ORIGINAL RESEARCH article
Sec. Performance Science
Volume 11 - 2020 | https://doi.org/10.3389/fpsyg.2020.01008
Well Done! Effects of Positive Feedback on Perceived Self-Efficacy, Flow and Performance in a Mental Arithmetic Task
- 1Faculty of Psychology, Applied Psychology in Work, Health, and Development, Ruhr University Bochum, Bochum, Germany
- 2Faculty of Psychology, Mental Health Research and Treatment Center, Ruhr University Bochum, Bochum, Germany
Self-efficacy is a well-known psychological resource, being positively associated with increased performance. Furthermore, results from field studies suggest a positive impact of self-efficacy on flow experience, which has not yet been tested experimentally. In this study, we manipulated self-efficacy by means of positive feedback and investigated whether self-efficacy serves as a mediator in the relationship between positive feedback and flow and in the relationship between positive feedback and performance. Our sample consisted of 102 participants (63 female, 39 male). The experimental group received positive feedback after completing 5 min of mental arithmetic tasks on a computer, whereas the control group received no feedback. A second session of a mental arithmetic task was then completed for 5 min. Mediation analyses confirmed that specific self-efficacy mediated a positive effect of positive feedback on flow as well as on both performance measures (quality and quantity) in a subsequent task. However, direct effects of feedback on flow and on performance were not significant, which suggests the presence of other mechanisms that remain to be investigated.
“Well done!” – Positive feedback has been found not only to enhance performance (e.g., Kluger and DeNisi, 1996; Hattie and Timperley, 2007), but also to be an efficient intervention to manipulate perceived self-efficacy (e.g., Brown et al., 2012). Self-efficacy refers to the judgment of one’s own abilities to successfully cope with future demands (Bandura, 1983). It can either refer to a general judgment, called general self-efficacy, or it can refer to more specific domains, such as mathematical skills, then called specific self-efficacy. Self-efficacy is well-known as a psychological resource protecting mental health and buffering the negative effects of stress (Bandura, 1977, 1986; Schönfeld et al., 2016). In line with Bandura’s social cognitive theory (SCT), there is a broad basis for higher self-efficacy being associated with lower symptoms of depression and anxiety as well as with higher optimism and emotional well-being (Benight et al., 1999; Rottmann et al., 2010; Singh and Bussey, 2011; Wang et al., 2014).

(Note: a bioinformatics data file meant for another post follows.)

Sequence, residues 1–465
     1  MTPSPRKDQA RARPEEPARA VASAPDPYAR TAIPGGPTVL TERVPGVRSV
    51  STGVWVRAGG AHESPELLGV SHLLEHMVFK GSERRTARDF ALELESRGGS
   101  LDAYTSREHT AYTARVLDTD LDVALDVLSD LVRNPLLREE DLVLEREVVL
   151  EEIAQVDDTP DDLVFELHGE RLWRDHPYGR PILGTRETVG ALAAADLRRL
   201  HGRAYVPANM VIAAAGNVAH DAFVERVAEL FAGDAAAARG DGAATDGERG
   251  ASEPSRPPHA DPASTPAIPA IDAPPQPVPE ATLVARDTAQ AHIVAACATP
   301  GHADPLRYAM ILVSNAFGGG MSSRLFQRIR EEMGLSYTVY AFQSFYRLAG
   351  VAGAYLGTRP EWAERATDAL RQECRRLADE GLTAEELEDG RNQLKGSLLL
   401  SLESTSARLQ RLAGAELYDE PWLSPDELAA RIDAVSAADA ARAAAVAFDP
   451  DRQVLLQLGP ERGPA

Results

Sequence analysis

While self-efficacy has been found to enhance performance (e.g., Bandura and Locke, 2003), contradictory findings also exist, suggesting that effects may differ with respect to different performance outcomes such as performance quality and quantity (Vancouver et al., 2014). The first part of our study contributes to the answer to this yet open research question by examining the effects of positive feedback as an intervention to manipulate self-efficacy and we test how self-efficacy affects performance quality and quantity. Further, we contribute to research on the mechanisms via which the effects of positive feedback are transmitted to performance by using self-efficacy as a mediator in the feedback-performance relationship.
The second part of this study examines flow – the experience of being fully absorbed in a task (Csikszentmihalyi, 1975) – in relation to positive feedback and self-efficacy. Feedback has been described as a central antecedent of flow (e.g., Landhäußer and Keller, 2012), but effects of positive feedback on flow have not yet been investigated experimentally. Another antecedent of flow as identified in field studies (e.g., Zubair and Kamal, 2015a, b) is self-efficacy. This study aims to replicate the positive relationship between self-efficacy and flow in an experimental setting, in which self-efficacy is manipulated using positive feedback. Finally, and adding to the existing research, we aim to test whether self-efficacy transmits effects of positive feedback on flow experience.
Positive Feedback and Performance